As troops in Afghanistan join in Christmas Day celebrations, nobody will be left out – not even the working dogs.
While personnel working in Helmand Province open gifts from loved ones, the military working dogs serving with them will also get to tuck into treats sent to them from people across the UK.
Some 70 dogs of various breeds work across the theatre of operations in Afghanistan, carrying out various jobs from searches to force protection.
And their work does not go unnoticed, with gifts of thanks coming from the friends and families of their handlers, but also from complete strangers. Private Zina Saunders, a dog handler with 1 Military Working Dogs, part of 32 Engineer Group, looks after two dogs – Hazel, who works as a search dog, and Urban, a force protection dog.
The 23-year-old, from Carmarthen, South Wales, who will be spending her first Christmas away from home during her tour of Afghanistan, said the dogs had not missed out on presents.
She said: “I’ve had family and friends send welfare parcels out and every single one of them has included treats for the dogs so they have been kept well treated with toys and presents.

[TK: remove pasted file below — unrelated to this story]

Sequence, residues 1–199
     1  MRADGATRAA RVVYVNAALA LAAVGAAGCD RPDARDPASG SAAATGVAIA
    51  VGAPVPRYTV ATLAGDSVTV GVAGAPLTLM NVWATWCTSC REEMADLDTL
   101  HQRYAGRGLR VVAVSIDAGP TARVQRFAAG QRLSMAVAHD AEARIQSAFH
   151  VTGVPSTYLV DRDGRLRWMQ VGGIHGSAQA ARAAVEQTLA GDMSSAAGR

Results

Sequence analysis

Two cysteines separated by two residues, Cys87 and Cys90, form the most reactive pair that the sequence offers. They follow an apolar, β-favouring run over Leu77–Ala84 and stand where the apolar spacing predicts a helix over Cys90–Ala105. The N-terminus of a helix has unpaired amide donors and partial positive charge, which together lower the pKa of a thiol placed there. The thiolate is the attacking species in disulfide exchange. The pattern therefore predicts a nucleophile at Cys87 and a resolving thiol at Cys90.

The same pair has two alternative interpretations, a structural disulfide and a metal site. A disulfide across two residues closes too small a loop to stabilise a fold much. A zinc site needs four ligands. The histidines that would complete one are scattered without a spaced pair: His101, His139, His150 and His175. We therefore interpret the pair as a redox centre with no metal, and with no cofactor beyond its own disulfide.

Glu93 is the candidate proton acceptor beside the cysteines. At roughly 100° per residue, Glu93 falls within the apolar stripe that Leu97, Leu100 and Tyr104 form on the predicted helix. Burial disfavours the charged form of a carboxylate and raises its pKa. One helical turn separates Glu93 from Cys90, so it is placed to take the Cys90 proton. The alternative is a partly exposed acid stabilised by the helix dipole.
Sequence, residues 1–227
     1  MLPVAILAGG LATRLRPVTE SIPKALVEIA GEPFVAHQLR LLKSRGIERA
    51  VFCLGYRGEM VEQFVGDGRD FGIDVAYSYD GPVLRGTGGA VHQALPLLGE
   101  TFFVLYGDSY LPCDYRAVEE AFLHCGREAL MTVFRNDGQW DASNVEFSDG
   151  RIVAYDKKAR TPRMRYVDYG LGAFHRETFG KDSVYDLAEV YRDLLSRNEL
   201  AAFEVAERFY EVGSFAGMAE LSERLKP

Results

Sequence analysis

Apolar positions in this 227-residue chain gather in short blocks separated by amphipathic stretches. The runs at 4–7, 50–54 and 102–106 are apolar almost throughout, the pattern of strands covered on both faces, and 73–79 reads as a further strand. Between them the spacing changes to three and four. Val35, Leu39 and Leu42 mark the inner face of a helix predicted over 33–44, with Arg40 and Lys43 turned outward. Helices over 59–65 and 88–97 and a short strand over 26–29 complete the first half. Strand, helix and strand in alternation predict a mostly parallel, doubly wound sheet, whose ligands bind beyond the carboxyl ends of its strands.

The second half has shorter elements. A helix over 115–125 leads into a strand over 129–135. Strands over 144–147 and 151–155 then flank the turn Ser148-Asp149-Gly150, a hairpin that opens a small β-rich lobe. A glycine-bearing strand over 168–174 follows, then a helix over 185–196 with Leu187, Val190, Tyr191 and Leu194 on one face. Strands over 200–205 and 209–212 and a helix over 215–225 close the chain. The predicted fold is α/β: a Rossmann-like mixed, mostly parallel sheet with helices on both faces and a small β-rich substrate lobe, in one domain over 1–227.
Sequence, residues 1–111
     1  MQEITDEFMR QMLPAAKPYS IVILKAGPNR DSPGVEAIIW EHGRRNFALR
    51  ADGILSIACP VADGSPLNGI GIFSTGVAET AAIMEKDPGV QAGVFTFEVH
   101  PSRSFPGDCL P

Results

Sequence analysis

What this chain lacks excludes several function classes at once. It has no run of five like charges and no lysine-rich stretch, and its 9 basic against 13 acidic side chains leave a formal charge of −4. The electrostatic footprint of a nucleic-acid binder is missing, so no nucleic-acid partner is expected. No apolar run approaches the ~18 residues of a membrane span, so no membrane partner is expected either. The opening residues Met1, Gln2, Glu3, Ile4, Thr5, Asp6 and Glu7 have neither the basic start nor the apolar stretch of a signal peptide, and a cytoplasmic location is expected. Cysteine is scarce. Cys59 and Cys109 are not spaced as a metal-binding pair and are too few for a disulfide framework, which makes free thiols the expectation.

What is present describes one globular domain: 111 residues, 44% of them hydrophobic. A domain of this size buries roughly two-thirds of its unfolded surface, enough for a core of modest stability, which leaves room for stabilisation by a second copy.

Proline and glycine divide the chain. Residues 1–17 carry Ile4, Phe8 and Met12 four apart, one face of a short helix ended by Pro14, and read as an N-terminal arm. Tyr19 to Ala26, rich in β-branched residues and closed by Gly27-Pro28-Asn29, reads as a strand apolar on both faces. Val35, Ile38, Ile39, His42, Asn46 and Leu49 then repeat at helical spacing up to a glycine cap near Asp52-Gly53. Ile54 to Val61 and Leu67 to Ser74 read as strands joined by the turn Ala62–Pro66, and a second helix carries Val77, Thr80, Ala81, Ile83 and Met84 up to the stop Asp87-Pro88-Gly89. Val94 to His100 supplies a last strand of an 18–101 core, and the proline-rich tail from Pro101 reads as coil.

“It’s nice to receive stuff. You get individuals that you don’t know sending you welfare parcels as well which is quite nice and they always include something for the dogs because they know we’re dog handlers
“It’s definitely very much appreciated and it sorts of boosts the spirits a little bit when you’re out here.”
Pte Saunders, who has been in the army for 18 months, admitted being a bit apprehensive about spending Christmas in Afghanistan.
“It’s my first Christmas out here so obviously it’s hard being away from the family. “But I’m excited because if someone asks you next year what were you doing last Christmas you could say obviously I was out here.
“I’d like to be there for my family because we lost my mother before I deployed so it’s going to be my first Christmas without her.”
Troop Commander Lyndall Lohman, second in command of the dog section, said: “People are incredibly generous. We get a lot (of gifts) which is fantastic.”
The 29-year-old, from Denbigh, north Wales, who has previously served as a nurse in Iraq before becoming an officer, said the dog section remained incredibly busy, despite British troops reducing in numbers.